I wonder if you have seen the invitation to nominate someone who would qualify as one of 100 Women of Influence. Applications close early August and the by-line explained that Australia should know the women who are changing it. The line of smiling women beneath the words looked confident enough to do just that, as well as cook a Masterchef style dinner. Well, maybe I exaggerate!
The women who are changing Australia come from a long line of women. They are linked not only physically, but spiritually as well, to all the women have come before them. Their mothers, grandmothers, friends, aunts, teachers, cousins and so on are threaded through their lives and have contributed to making them the women they are. As they step forward to pick up responsibility in law, industry, health and education, commerce and so on, they bring with them the strengths, talents, courage, enthusiasm, creativity and vulnerabilities that they have inherited from the women whose genes they carry.
Society, and even families, often ignore or trivialize women’s stories, their contributions taken for granted. Genealogies are traced through the male and female family names get lost or are seen as insignificant. We’ve all seen those late nineteenth century sepia toned wedding pictures of unsmiling women, standing beside their seated husband. What the photo doesn’t show was the pain of leaving their birth family behind to accompany their husband to a new land. It totally misses the hardship these women experienced living in houses where running water was a luxury and childbirth carried with it the distinct possibility of death.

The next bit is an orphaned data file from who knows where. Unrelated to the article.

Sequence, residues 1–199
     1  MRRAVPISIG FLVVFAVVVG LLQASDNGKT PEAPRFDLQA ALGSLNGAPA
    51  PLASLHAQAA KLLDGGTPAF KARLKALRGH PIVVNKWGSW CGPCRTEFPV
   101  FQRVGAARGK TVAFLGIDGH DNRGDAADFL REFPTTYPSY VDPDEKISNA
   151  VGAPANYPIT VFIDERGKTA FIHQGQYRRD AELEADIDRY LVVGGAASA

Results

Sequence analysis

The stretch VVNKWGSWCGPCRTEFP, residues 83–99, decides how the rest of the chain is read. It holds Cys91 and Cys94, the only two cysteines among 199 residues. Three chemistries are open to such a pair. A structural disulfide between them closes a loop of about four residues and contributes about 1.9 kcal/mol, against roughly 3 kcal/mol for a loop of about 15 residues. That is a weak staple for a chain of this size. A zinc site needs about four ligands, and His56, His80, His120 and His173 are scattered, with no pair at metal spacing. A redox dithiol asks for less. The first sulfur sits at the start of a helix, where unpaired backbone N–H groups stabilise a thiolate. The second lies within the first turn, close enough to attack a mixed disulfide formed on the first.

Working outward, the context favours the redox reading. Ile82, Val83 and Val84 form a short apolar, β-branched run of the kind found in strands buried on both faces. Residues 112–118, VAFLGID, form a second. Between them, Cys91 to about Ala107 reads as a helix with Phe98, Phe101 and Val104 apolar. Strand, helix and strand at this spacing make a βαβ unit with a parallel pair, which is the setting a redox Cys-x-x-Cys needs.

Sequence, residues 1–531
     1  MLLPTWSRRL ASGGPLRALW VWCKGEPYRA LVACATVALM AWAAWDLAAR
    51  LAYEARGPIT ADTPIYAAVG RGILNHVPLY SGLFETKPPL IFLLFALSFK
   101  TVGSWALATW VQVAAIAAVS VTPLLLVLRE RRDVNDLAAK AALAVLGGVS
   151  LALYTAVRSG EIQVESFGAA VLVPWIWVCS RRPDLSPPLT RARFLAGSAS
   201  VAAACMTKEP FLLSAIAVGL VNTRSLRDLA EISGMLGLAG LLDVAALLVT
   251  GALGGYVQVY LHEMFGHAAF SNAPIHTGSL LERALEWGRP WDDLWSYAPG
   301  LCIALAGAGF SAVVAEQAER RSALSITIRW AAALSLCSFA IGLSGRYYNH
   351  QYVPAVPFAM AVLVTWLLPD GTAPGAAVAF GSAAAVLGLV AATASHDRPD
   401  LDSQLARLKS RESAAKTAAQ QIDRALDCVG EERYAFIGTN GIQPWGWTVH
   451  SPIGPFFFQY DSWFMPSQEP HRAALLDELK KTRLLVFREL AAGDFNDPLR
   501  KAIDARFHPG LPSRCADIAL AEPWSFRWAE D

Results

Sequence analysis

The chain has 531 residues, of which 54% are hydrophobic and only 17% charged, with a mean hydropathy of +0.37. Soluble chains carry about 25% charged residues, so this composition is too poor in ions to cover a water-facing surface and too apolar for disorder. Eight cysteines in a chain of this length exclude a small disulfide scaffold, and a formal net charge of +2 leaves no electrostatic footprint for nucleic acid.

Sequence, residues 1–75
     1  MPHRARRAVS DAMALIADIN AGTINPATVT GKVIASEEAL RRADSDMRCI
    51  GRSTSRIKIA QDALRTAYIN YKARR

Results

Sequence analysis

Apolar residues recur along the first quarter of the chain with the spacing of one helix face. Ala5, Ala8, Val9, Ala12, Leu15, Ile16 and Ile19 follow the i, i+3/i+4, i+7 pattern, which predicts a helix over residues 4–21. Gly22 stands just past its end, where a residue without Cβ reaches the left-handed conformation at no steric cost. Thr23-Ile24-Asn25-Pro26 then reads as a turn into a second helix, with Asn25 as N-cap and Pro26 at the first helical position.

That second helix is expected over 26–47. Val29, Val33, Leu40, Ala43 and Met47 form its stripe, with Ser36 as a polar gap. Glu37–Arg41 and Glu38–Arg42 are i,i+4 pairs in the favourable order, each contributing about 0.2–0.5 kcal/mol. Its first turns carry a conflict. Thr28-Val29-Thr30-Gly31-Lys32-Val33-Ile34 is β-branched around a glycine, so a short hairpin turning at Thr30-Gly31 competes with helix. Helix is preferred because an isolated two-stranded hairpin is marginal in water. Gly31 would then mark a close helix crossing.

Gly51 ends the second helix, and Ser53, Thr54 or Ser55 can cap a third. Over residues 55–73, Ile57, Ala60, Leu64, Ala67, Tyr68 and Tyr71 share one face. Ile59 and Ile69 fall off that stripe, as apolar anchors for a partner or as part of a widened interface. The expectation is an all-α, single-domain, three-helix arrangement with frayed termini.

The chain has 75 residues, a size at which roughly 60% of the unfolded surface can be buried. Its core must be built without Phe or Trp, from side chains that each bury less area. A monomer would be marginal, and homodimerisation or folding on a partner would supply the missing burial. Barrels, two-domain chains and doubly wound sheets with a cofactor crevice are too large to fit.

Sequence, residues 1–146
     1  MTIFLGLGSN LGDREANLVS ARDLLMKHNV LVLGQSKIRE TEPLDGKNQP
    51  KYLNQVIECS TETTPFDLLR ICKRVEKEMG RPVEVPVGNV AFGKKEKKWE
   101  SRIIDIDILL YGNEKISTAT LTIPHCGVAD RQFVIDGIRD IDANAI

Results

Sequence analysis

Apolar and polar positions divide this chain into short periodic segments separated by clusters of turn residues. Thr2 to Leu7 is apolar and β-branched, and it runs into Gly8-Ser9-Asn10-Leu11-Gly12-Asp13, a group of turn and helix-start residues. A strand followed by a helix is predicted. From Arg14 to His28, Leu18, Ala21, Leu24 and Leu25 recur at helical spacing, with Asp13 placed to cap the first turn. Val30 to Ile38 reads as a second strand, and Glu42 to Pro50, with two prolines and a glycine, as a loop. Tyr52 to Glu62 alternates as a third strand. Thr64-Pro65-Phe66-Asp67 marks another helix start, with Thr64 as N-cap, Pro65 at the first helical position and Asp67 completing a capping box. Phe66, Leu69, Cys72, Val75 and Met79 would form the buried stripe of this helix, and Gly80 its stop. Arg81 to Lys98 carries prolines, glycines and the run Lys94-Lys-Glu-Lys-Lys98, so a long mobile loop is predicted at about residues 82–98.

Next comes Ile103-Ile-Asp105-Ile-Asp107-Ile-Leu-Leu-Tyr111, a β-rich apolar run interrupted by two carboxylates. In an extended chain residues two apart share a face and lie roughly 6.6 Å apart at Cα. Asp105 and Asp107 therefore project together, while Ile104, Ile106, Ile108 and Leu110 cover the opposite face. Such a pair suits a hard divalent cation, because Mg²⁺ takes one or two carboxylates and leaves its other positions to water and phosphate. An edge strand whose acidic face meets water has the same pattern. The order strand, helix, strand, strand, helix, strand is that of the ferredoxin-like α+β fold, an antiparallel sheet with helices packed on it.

Social roles and the expectations and restrictions that went with them have changed over the years. Australian women today, whether young and older, owe much to the grit and determination of the women who went before them. But unless you belong to a family with a strong tradition of storytelling, those stories never get told and much female wisdom is lost.
It’s up to older women to be the story-tellers. Male stories about war and sport, power, achievement, and eccentricity are celebrated and embellished, whereas women’s lives and doings are remembered through ordinary things like recipes, old pieces of china, a pair of earrings or a bracelet passed down to a grand-daughter. Using all the audio-visual material at our disposal, we can leave a record of our own lives as well as tell the stories of the women who have influenced and mentored us.
While I can’t imagine telling my story without acknowledging the part both my Catholic religion and my personal spirituality have influenced me, I am aware that I no longer have the same devotional practices or share all of the doctrinal convictions that were important to my grandmothers. In the rapid change that characterises the twenty first century I wonder how many of my religious beliefs and values will be jettisoned in the name of progress.
I wonder, too, whether religious and spiritual values will be part of the criteria used to choose 100 Women of Influence. Will religious Sisters be in the line-up? Will a scarfed Muslim woman or an Anglican woman priest be recognised as an influential Australian woman?
Now seems like a good time for me to start naming the women who have influenced my life.